New method shows signs of success
By Janet French, The Starphoenix
It was while talking with a colleague that teacher Pauline McKay had the light bulb moment that would forever change the way she taught teens.
Why did her son fail math after studying it for six months, only to succeed in a summer school crash course? "It's only a month," she told her friend Ruth Ahenakew.
Their eyes locked, and they set to work making the first high school schedule that teaches students mostly one subject, all day, for 25 straight days.
McKay calls it the "Copernican block schedule," and a handful of First Nations schools in the Prairies are now using it to successfully keep students in school.
"It's really hard to be a risk-taker. You really have to have balls. Be brave," McKay said in an interview.
Now the principal of Sturgeon Lake Central School, McKay presented her unorthodox system to her colleagues at the Western Canada First Nations Education Administrators Conference in Saskatoon on Tuesday.
She's now tried the system in Ahtahkakoop, in The Pas, Man., and now at Sturgeon Lake. Instead of dividing the school year into two or three semesters, or four quarters, the Copernican schedule splits the year into six or seven blocks.
From 9 a.m. to 2 p.m., Sturgeon Lake high school students study the same subject daily for a month. For the last hour of the school day, they pick up options offered through the semester system, such as physical education and wellness.
The benefits are numerous, she said: Students and teachers don't lose time switching classrooms. Students have the time they need to master concepts, and become more confident in their skills and accountable to their teacher.
Attendance rose. Student and teacher interaction and relationships grew. The kids weren't overloaded with homework. And a student who drops out of one class can easily hop back into school weeks or months later without having lost several courses.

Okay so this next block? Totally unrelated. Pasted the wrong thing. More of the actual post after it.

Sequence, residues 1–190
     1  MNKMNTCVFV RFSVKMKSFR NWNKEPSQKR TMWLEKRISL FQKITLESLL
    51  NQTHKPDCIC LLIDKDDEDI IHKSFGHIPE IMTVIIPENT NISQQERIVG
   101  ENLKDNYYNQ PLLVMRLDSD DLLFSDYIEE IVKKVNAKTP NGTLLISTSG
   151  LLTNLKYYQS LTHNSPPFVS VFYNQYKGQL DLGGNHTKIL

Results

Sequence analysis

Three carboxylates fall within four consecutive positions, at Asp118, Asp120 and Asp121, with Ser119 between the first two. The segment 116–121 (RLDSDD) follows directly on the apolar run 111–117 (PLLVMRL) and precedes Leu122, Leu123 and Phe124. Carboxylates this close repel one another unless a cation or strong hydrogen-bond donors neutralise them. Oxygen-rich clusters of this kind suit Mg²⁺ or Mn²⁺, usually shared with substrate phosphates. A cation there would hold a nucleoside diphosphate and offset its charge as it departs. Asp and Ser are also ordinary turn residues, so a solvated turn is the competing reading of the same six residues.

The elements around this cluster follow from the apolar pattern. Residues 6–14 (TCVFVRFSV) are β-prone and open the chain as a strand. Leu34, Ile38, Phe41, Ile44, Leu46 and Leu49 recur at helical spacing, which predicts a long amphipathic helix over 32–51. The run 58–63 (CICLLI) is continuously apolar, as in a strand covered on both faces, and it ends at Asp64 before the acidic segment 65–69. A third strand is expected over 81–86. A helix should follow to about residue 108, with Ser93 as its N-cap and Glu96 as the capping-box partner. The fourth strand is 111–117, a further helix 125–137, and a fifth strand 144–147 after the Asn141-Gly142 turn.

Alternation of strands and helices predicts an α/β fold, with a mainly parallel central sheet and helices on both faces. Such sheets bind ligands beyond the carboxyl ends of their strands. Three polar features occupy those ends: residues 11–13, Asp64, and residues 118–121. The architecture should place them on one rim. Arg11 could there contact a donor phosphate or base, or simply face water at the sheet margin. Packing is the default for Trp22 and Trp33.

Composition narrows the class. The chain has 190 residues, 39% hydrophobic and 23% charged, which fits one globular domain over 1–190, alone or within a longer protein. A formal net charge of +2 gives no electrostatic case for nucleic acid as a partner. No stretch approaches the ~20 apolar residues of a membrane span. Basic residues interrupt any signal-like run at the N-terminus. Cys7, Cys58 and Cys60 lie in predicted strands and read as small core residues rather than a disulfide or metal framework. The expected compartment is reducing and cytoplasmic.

"They don't have that sense of failure," she said.
At the end of each block, the school holds a celebration with coffee and doughnuts, handing out awards - and even cash prizes - for academic achievement and perfect attendance.
The schedule forces teachers to change the way they teach, McKay said. Lecturing the same group for four hours a day won't work, so the model prompts a lot of group work and class projects.
It also gives students opportunities they wouldn't have in a semester system. One law class attended several days of a dangerous offender hearing in a nearby courthouse.
In The Pas, one class spent a month paddling from Rocky Mountain House, Alta., back to Manitoba, studying environmental science as they went.
"You will never want to go back to the semester system," McKay told educators. "You're going to love the way you interact with your kids."
The work formed the basis of McKay's master's thesis at the University of Regina. She found significantly more teens stayed in school under her block system compared to the semester system. Sturgeon Lake's Grade 12 dropout rate fell to 21 per cent from 60 per cent.
Their grades in subsequent classes show they're not forgetting the subject material by the next year, she said. And those who write provincial departmental exams in Grade 12 are also doing well, she said.
Teacher Dale Steinhauer said her school in Saddle Lake, Alta., adopted the block system after taking students, parents and staff on a visit to Sturgeon Lake.
"This system forces the educator to step outside the box and engage that student," Steinhauer said.
First Nations schools in Canoe Lake, Little Pine and Montreal Lake are also using the system, McKay said.